Looks back at Southold’s 2018 accomplishments; forward to new goals

Russell Delivers State Of The Town

Southold residents filled Town Hall on Wednesday, March 5, where Supervisor Scott Russell delivered his annual state of the town address detailing town accomplishments and goals in a dozen key government areas.

Russell said the town continues to have an excellent credit rating and healthy fund balances. Despite rising costs, he said the town’s 2019 budget was within the state tax cap. Fiscal goals for the coming year include streamlining purchasing processes by updating current accounting and time management systems.

Russell touted the ratification of collective bargaining agreements without needing to exceed the spending cap or borrow money and new hires such as a senior citizen aide serving seniors on Fisher’s Island and a community relations specialist, as well as a proposed full-time fire marshal. He said the town plans to review current staffing and shift priorities to avoid duplicating job titles, as well as expanding the code of enforcement office and employing an electrical inspector in 2019.

On the business and economic front, Russell said the town has been creating policy and programs, along with seeking grants, to make it easier for new businesses to come to Southold while also developing strategies to promote re-use of existing structures. Goals include reviewing current code to consider changes for existing buildings, creating a receiving zone “flow bank” to allow exchange of sanitary flow credit within commercial hamlet centers and secure funding, and establishing criteria for awarding grants to new and small businesses.

Russell listed transferring the responsibility for approving special events from the town Zoning Board of Appeals to the town board and special events committee as part of 2018’s accomplishments. He said he plans to work with the newly created agricultural advisory committee to modernize the town code for addressing changes affecting agriculture, such as adding processing as a permitted use on agricultural land, reviewing lot size requirements, and exploring a $5 million flexible farmland bond.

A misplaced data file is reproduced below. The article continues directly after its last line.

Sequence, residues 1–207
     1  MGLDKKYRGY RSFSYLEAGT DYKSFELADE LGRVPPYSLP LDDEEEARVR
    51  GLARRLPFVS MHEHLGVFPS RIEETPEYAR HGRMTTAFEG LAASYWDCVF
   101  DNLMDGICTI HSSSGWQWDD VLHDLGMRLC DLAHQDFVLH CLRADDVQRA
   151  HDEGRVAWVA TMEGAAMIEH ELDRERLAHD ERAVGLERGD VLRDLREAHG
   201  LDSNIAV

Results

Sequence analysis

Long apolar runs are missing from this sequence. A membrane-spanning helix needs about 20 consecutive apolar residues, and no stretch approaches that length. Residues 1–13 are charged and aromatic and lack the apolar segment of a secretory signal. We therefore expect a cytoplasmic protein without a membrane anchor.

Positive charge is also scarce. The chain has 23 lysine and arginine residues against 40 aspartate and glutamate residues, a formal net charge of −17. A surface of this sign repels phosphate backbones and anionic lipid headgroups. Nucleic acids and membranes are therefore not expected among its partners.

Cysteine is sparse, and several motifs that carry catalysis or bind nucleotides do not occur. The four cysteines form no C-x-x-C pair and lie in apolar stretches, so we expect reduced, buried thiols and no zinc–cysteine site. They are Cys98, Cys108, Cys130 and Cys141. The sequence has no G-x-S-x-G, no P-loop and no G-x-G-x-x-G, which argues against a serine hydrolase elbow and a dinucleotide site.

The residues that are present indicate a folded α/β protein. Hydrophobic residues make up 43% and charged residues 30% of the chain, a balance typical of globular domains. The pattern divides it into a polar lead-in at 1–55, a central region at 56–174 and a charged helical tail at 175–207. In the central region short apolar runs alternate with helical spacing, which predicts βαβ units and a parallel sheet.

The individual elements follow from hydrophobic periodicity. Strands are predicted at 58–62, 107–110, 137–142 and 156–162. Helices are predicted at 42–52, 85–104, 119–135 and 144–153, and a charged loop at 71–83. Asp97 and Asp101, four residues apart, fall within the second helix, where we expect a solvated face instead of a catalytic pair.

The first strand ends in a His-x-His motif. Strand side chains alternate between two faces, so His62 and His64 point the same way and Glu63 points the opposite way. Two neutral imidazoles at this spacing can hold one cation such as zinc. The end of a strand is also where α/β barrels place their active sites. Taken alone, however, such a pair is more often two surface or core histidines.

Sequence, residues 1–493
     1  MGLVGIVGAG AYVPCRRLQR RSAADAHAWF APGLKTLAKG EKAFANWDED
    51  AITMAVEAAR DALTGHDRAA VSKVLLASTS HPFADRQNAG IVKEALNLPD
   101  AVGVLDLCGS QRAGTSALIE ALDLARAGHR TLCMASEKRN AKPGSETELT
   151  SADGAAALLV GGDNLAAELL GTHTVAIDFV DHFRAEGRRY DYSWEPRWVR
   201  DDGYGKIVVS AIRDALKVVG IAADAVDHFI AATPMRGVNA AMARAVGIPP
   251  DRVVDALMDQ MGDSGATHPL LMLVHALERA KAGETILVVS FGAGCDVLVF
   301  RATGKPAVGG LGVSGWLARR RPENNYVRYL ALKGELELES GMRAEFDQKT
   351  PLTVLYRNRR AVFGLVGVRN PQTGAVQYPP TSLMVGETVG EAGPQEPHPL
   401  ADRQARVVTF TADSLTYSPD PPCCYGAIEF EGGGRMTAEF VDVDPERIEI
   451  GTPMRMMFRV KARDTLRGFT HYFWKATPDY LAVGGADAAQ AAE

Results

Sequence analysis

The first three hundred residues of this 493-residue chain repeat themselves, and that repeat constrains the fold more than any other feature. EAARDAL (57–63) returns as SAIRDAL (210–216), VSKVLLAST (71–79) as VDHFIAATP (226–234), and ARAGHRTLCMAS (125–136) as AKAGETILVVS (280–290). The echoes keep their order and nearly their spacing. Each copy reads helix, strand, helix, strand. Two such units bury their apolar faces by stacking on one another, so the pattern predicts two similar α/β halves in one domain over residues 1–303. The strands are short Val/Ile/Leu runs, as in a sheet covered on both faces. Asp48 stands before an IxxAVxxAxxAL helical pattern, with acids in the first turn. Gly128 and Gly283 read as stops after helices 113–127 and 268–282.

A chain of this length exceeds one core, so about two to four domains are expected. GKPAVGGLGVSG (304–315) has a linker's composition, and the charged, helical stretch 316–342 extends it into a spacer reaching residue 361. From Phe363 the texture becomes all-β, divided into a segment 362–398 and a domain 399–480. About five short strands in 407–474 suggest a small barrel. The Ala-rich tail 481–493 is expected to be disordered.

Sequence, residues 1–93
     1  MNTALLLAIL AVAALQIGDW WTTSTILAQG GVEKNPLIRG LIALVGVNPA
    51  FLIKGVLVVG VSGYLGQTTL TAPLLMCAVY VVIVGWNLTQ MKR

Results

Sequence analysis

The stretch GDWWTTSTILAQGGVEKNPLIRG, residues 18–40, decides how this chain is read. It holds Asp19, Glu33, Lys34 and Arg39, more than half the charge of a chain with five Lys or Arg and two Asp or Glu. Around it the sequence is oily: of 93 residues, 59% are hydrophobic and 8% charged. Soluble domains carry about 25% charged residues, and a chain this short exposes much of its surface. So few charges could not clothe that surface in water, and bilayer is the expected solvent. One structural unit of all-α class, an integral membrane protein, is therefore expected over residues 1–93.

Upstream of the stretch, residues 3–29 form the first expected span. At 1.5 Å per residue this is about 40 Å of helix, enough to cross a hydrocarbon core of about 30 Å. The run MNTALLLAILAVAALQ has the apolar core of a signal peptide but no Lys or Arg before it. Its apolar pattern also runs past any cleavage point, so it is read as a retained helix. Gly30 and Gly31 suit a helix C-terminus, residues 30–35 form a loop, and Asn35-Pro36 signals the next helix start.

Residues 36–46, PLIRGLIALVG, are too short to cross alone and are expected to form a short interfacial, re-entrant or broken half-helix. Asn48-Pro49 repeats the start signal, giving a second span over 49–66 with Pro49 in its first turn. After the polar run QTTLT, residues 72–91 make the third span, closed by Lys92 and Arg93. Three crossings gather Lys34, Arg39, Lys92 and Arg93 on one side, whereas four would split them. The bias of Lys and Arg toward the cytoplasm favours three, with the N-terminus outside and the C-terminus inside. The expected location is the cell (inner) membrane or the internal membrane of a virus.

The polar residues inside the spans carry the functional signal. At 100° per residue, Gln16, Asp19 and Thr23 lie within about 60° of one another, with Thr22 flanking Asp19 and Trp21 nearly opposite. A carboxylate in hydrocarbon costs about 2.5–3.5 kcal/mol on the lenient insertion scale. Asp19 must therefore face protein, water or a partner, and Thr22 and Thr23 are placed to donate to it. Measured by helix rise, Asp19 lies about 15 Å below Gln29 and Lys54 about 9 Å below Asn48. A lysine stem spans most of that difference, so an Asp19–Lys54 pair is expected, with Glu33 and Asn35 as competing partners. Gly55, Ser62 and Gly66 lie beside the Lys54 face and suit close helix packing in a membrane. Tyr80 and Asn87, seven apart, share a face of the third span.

The supervisor noted the nearly completed comprehensive plan update as part of 2018’s land use/planning accomplishments, as well as the adoption of a temporary moratorium on issuance of approvals/permits in the area of Mattituck’s Love Lane intersection with Main Road, and the purchase of a 10-acre parcel west of Peconic’s Cochran Park. He said the traffic study related to the moratorium may be expanded to include Bay Avenue to Pike Street along Route 25.

On the affordable housing front, Russell said the town is making it easier to create apartments in existing homes and accessory structures and is looking at using $400,000 of the inclusionary building fund balance to spur the 50-unit work force multifamily apartment community project known as Vineyard View — Southold’s first major affordable housing project since 2008 — which is slated to start this spring. He hopes to create 50 additional affordable apartments/units in the next three years and said he will meet with state representatives regarding recently proposed legislation to create affordable housing by assigning a half-percent transfer tax on home sales in the same way the Community Preservation Fund targets environmental preservation.